friends who do not remain the same. With friends for utility or pleasure perhaps
there is nothing absurd in dissolving the friendship whenever they are no longer
pleasant or useful. For they were friends of pleasure or utility; and if these give
out, it is reasonable not to love.
However, we might accuse a friend if he really liked us for utility or
pleasure, and pretended to like us for our character. For . . . friends are most at
odds when they are not friends in the way they think they are. And so, if we
mistakenly suppose we are loved for our character, when our friend is doing
nothing to suggest this, we must hold ourselves responsible. But if we are
deceived by his pretence, we are justified in accusing him—even more justified
than in accusing debasers of the currency, to the extent that his evildoing
debases something more precious.
But if we accept a friend as a good person, and then he becomes vicious,
and seems so, should we still love him? Surely we cannot, if not everything, but
only what is good, is lovable. What is bad is not lovable, and must not be loved;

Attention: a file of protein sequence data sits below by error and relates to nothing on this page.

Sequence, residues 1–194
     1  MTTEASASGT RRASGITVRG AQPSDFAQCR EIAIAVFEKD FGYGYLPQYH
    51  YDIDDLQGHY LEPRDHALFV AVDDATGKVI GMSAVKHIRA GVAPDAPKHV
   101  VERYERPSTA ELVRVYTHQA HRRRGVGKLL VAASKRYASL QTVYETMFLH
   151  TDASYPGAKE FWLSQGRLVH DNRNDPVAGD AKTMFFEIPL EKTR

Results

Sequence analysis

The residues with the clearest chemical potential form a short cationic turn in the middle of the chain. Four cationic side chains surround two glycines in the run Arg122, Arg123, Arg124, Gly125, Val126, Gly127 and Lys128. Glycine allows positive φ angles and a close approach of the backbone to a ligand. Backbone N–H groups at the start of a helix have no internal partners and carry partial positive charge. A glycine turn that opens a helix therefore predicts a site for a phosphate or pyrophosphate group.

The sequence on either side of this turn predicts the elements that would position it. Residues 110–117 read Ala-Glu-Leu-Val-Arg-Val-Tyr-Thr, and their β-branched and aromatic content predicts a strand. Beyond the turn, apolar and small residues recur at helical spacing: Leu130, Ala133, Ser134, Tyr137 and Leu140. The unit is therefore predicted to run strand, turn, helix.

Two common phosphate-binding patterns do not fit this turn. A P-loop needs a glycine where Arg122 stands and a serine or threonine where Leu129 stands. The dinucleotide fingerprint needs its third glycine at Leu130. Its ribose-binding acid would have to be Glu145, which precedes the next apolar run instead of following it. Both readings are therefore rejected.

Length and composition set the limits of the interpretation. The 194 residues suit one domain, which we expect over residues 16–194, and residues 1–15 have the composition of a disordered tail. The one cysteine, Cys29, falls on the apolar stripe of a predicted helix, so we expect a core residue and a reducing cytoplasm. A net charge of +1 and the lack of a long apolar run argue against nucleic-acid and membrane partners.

for we ought neither to love what is bad nor to become similar to a bad person,
and we have said that similar is friend to similar.
Then should the friendship be dissolved at once [as soon as the friend
becomes bad]? Surely not with everyone, but only with an incurably vicious
person. If someone can be set right, we should try harder to rescue his character
than his property, in so far as character is both better and more proper to
friendship.
However, the friend who dissolves the friendship seems to be doing nothing
absurd. For he was not the friend of a person of this sort; hence, if the friend
has altered, and he cannot save him, he leaves him.
But if one friend stayed the same and the other became more decent and far
excelled his friend in virtue, should the better person still treat the other as a
friend? Surely he cannot. This becomes clear in a wide separation, such as we
find in friendships beginning in childhood. For if one friend still thinks as a
child, while the other becomes a most superior man, how could they still be
friends, when they neither approve of the same things nor find the same things
enjoyable or painful? For they do not even find it so in their life together and
without that they cannot be friends, since they cannot live together. . . .
Then should the better person regard the other as though he had never
become his friend? Surely he must keep some memory of the familiarity they
had; and just as we think we must do kindnesses for friends more than for
strangers, so also we should accord something to past friends because of the
former friendship, whenever excessive vice does not cause the dissolution.
(From Aristotle, The Nicomachean Ethics 1165b. Translated by Terence Irwin.
Indianapolis [IN: Hackett Publishing Company, 1985].)
(From Aristotle, The Nicomachean Ethics 1165b. Translated by Terence Irwin.
Indianapolis, IN: Hackett Publishing Company, 1985.)